Originally Published: 2018-04-21

Update: I’ve now finished mirroring all of the data to the Internet Archive here.

This is the first post in a planned series of posts about getting and using data from the CyArk Open Heritage Program.

Step one is just getting the data. To do this, you’ll need to fill out this Google Form for each dataset you’re interested in. If you’re interested in all the data, that means you’ll need to fill out the form 26 times.

For each dataset, you should receive an email with links to download the data for each dataset. For all the datasets, I received 71 URLs. I copy/pasted each of these URLs into a newline-delimited plaintext file (i.e. one URL per line), which I then downloaded with:

wget -i cyark-urls.txt

Note that the URLs you receive do expire. The expiration token is a UNIX timestamp in the URL (I assume this interacts with the other authentication tokens, so you can’t simply change the expiration token), and for me was set to about 2-3 days from when I received the email. So you may need to keep that in mind, depending on how fast you can download (I got about 26MB/s). The total data size is around 1.5TB if you need to do some quick math based on your download speed. Note also that some of the individual files are very large, with the largest being a single 257GB ZIP file, so you may need to make sure the filesystem you’re downloading the files to can support that.

Since the URLs are pretty complicated, you wind up with some pretty complicated filenames from wget. I used zsh’s zmv command to normalize these into something sane by removing the leading and trailing URL components from the filename. So you’ll need to run zsh if you’re not already using zsh, then autoload -U zmv, then the following in the directory with your downloads:

zmv 'url\?u=https-3A__storage.googleapis.com_cyark-2Ddata-2Dplatform.appspot.com_(*)' '$1'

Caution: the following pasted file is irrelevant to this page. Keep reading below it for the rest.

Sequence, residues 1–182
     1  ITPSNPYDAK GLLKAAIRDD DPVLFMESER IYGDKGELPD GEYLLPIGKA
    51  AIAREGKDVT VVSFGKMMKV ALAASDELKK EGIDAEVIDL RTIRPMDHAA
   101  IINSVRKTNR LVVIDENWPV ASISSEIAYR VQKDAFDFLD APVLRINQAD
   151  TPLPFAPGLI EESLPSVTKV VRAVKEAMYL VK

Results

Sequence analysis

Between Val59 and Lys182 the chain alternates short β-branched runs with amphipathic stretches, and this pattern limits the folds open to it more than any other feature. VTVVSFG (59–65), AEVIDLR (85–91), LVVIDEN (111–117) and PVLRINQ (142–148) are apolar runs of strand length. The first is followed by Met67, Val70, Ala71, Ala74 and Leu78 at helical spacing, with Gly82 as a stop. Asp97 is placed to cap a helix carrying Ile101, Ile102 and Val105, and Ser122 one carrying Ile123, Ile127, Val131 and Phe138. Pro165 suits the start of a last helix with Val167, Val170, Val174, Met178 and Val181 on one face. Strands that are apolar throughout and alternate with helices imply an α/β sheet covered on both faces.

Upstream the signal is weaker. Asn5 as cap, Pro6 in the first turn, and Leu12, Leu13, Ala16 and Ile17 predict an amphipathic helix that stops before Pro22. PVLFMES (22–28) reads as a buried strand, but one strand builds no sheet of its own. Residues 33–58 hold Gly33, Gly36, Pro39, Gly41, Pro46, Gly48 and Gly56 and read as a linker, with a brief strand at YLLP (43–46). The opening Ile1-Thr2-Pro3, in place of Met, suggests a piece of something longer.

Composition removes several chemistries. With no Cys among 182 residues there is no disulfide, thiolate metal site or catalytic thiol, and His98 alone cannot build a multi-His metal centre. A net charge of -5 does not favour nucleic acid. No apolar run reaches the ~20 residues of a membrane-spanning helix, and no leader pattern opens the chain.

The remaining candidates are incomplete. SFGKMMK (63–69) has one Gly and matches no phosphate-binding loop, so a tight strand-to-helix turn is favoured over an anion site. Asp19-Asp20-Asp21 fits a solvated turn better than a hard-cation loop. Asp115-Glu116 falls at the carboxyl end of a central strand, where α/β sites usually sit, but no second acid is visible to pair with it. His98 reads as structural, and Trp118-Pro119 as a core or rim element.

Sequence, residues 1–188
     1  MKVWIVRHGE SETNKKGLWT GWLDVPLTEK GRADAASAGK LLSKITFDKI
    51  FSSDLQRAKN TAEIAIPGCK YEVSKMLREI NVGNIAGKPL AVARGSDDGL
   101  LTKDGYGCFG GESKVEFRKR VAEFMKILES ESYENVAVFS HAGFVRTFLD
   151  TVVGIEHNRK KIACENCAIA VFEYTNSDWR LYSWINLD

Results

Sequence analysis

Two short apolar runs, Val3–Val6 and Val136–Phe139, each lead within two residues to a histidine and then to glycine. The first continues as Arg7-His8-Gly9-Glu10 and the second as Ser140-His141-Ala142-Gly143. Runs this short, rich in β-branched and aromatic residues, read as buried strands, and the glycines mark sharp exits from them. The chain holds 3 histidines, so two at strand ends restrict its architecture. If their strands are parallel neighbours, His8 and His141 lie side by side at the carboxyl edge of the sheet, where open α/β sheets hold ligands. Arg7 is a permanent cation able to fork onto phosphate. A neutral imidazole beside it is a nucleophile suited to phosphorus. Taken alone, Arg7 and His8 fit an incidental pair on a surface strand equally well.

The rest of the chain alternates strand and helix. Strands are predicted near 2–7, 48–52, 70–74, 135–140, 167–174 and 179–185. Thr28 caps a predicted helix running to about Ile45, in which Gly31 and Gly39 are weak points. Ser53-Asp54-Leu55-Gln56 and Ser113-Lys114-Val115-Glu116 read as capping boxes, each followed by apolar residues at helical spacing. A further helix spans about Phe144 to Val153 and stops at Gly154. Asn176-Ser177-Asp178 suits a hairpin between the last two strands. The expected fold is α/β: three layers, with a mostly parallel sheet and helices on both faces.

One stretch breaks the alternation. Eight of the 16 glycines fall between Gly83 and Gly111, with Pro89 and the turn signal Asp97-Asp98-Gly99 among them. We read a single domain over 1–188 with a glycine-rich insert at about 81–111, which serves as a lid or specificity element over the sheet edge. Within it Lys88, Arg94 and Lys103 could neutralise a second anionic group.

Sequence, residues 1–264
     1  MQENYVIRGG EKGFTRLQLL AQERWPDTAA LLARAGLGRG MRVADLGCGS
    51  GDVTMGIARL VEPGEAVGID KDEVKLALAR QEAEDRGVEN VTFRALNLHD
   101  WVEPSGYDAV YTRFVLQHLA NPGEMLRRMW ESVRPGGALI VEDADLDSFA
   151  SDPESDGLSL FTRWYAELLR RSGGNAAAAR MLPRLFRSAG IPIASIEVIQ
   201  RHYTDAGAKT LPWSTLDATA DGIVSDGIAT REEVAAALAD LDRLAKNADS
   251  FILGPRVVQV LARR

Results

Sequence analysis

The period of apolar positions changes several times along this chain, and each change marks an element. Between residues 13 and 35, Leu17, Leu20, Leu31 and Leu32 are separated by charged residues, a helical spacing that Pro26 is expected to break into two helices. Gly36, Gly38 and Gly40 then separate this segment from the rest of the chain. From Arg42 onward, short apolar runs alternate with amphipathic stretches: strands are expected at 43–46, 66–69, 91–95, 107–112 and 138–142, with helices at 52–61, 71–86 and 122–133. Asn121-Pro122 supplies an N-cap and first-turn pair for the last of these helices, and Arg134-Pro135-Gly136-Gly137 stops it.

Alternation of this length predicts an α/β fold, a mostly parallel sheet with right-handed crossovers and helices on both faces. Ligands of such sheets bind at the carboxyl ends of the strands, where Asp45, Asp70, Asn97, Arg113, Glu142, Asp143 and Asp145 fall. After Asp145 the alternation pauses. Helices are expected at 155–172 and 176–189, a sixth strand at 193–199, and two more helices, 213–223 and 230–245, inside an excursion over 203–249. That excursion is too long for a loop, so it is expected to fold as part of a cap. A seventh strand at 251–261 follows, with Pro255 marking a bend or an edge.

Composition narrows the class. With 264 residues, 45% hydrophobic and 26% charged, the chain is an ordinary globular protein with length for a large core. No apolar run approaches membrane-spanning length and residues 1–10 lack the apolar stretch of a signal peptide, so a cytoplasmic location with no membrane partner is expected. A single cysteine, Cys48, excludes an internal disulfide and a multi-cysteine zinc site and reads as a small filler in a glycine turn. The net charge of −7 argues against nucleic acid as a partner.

zmv '(*)-3FExpires-(*)' '$1'

Next is extracting the data. All the data is in ZIP files with PDF summaries. Due to the large size of the ZIPs, many ZIP utilities may not work correctly with them. I found 7-Zip to be the most reliable (brew install p7zip on a Mac with Homebrew). You can extract the data with e.g.:

7z x filename.zip

Note that a few of the ZIP files seem to have invalid headers (according to 7-Zip), although they still appear to extract successfully. I tried re-downloading these to see if there was a problem with my download, but received identical files for each. I’ve written to CyArk to ask about this, but in the meantime the files in question are:


I’ve also produced an SFV file of my downloads after the renaming process described above, if you’d like to check the integrity of your files against my checksums. The SFV is available here and you can use it with cksfv (brew install cksfv) like so:

wget 'https://gist.githubusercontent.com/ryanfb/e27f2abadad7ba5ef35d6eb2ecf00c7b/raw/dfa0eaf8530b36833cdc74d63a02c95ec829e957/cyark.sfv'
cksfv -f cyark.sfv

I’m also trying to re-upload the data to the Internet Archive, under the terms of the CC-BY-NC license the data is made available under. You should be able to find that data with this search: https://archive.org/search.php?query=creator%3A%22CyArk%22

As for using the data, that’s another post. The data largely falls into two categories: 3D point clouds in E57 format, and source JPEGs for photogrammetry. Interestingly, there don’t seem to be any meshed models distributed with the data, so you’re on your own to reconstruct them. For loading the E57 point clouds, you may want to use CloudCompare (if you’re a Mac user, see my previous post on compiling CloudCompare with E57 support enabled). For JPEGs you’ll need to process them with some kind of photogrammetry software.